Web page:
Tummy tea, 3p


It’s been almost a week now since I fell ill at Ballymaloe literary festival on Friday night – festival-goers hopefully didn’t notice my decidedly below-par sluggishness under a professional veneer of an inch of makeup and a litre of strong sugary tea, as I was there to work and didn’t want to let anyone down by cancelling any events at the last minute, so powered on through and napped in between.

I don’t know what exactly it was that pulled me under, my chief suspect was a delicious sea urchin I’d had for dinner on Friday evening,  as I have had difficulties with shellfish before (most notably a piece of regurgitated shrimp sitting in my hair through the duration of my appearance on BBC Question Time…) But six days later with a still-upset stomach, I’m not so sure my sea-urchin-diagnosis is correct. I’ll spare you the gory details.

This morning,  frankly bored of being unwell, I decided to make myself something with turmeric in, to try to rebalance my digestive system and settle my tummy and get everything back to normal. It’s mostly better,  but caffeine, alcohol,  acid and spice set it back off to gurgling and burbling and cramping and rather like my mums IBS,  actually. And in my line of work that’s deeply unhelpful. I could shrug off caffeine and booze – reluctantly – but without lemon or vinegar or chilli or pepper or paprika, well, I think I’ve knocked 99% of my recipes out right there. Not a happy thought.

So, here’s my Tummy Tea. It’s not a miracle cure but having spent the last six days on a cocktail of ibuprofen and imodium and rennies (and then halting the ibuprofen because it buggers up your stomach lining and I didn’t want to make myself worse), this is a very pleasant change. Ginger is known for relieving nausea, hence the ubiquitous packet of ginger snap biscuits found in the handbags of most pregnant women, and turmeric has wondrous anti-inflammatory and antibacterial properties. I added the honey to sweeten,  but you can replace with any sweetener of your choice.

Makes 2 cups at 3p each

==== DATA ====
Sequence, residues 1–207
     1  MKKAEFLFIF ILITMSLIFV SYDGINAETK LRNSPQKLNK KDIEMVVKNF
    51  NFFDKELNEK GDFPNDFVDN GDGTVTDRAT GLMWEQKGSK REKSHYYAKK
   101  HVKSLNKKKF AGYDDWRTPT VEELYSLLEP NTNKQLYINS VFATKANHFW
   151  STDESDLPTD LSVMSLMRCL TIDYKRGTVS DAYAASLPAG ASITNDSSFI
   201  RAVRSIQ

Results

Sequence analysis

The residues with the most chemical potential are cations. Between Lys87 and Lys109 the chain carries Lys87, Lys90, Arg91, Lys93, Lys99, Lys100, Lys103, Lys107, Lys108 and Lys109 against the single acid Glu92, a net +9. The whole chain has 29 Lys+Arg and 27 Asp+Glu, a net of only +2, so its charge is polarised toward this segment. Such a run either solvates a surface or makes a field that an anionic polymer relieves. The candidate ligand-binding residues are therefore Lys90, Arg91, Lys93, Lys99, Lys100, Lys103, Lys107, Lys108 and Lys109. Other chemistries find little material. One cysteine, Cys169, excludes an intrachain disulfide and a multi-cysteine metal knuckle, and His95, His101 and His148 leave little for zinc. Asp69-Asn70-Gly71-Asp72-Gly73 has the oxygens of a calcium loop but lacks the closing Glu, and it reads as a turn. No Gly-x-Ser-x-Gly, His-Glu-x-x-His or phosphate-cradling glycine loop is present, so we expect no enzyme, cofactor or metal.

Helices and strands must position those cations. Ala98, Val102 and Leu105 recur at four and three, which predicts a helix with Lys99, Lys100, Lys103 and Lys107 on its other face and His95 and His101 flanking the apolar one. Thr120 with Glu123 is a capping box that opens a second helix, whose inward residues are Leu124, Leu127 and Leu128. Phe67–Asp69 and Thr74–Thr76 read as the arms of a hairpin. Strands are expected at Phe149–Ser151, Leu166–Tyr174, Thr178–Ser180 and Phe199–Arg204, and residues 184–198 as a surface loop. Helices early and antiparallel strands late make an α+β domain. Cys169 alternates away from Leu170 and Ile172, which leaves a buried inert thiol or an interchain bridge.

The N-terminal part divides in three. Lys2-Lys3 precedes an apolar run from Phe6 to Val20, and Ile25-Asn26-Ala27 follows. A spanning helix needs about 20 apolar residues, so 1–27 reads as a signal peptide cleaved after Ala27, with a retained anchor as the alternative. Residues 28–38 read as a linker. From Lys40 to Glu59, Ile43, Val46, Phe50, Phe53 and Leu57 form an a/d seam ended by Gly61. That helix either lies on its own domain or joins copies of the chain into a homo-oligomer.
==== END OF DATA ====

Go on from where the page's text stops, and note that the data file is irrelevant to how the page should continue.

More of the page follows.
1/2 tsp ground turmeric, 1p (Natco turmeric 75p/100g, Sainsburys)
2 slices (5g) of fresh ginger root, 2p (40p/100g, Sainsburys)
1 tsp honey, 3p (Basics honey, £1/340g)
500ml boiling water

First boil your water and find a nice jug, if you have one, or your largest mug if not.

Slice your ginger and toss it in, and add the turmeric and honey.

Pour over the boiling water and stir well. Leave to stand for five minutes to cool, then pour and enjoy.

Jack Monroe. You can follow me on Twitter at @MsJackMonroe and on Instagram @MsJackMonroe and find me on Facebook as ‘A Girl Called Jack’.


  1. Hopefully soon you can stomach a little yogurt, keifer, or kombucha tea to help repopulate you poor gut’s flora.

    Feel better soon!

  2. I feel very sorry for you ,I had some bug before Christmas which I thought was food poisoning or something ,turns out it was a virus and it took me nearly a month to get rid of it. My husband got it later and just stopped eating for about 3 days and seemed to get over it more quickly.i am not sure I could manage that long without eating !!
    I love your recipes even though I don’t make them all I love your style of writing do keep it up.

  3. I’m a huge ginger fan! I buy ginger chews at the Chinese market and carry them in my purse so I can always have one after a meal.

  4. I’m a firm believer of peppermint tea for upset tummies, however, as I have psoriasis and have read that turmeric is good for this condition, I can’t wait to make this tea up daily.

  5. It’s clearly an internet virus as I read your blog and I’ve got it too this morning 🙁

    My cure for a bubbling gut is mint tea. And I avoid anything aspirin based like ibuprofen – go for something like co-codomol. As that’s supposed to bung you up, I figure it must help a little in the circumstances!

  6. H Jack

    I loved your previous turmeric and lemon tea recipe and this sounds great as well. I’ve heard from a herbalist friend of mine thought that turmeric works much better if you add a pinch of black pepper to it!


  7. and this sounds perfect for someone to sip as they sit in a darkened room, listening to Mozart and taking it easy as chemotherapy drugs course through their veins hunting down any wayward cancer cells 🙂

  8. Turmeric is my all time favourite spice for all sorts of reasons. Mixed with warm milk or water it makes a disgusting but effective cough medicine to be taken last thing at night, and apparently mixed with water into a paste it is great on small wounds and scrapes.

    I’m definitely storing this recipe for dodgy tummies – thanks Jack.

  9. Was given a similar recipe by an elderly Asian neighbour as a cure all for coughs and colds, have used it for many years with great success. Best wishes xx

  10. I make a similar potion if I am feeling unwell but I add cloves and a slice of lemon sometimes. I really recommend using a vacuum flask and putting all the ingredients in it and letting it brew for about half an hour and then pouring from there into a mug! Keeps it nice and hot and ensures all the goodness goes into the water from the ginger.

    Really recommend getting a flask – whenever i boil my kettle I put the leftover water into the thermos and it will stay really hot for ages. I often have enough for a cup of tea and it saves boiling the kettle again.

  11. Hi!! I just want to tell you that I found your blog and I love it!
    But I’m not from London so I just want to know what it does mean the P near the number, penny or pounds? Thank you!!! :-*

    • We give our horse Tumeric for this very reason. Nature’s own offerings are by far the best preventions and cures 😊

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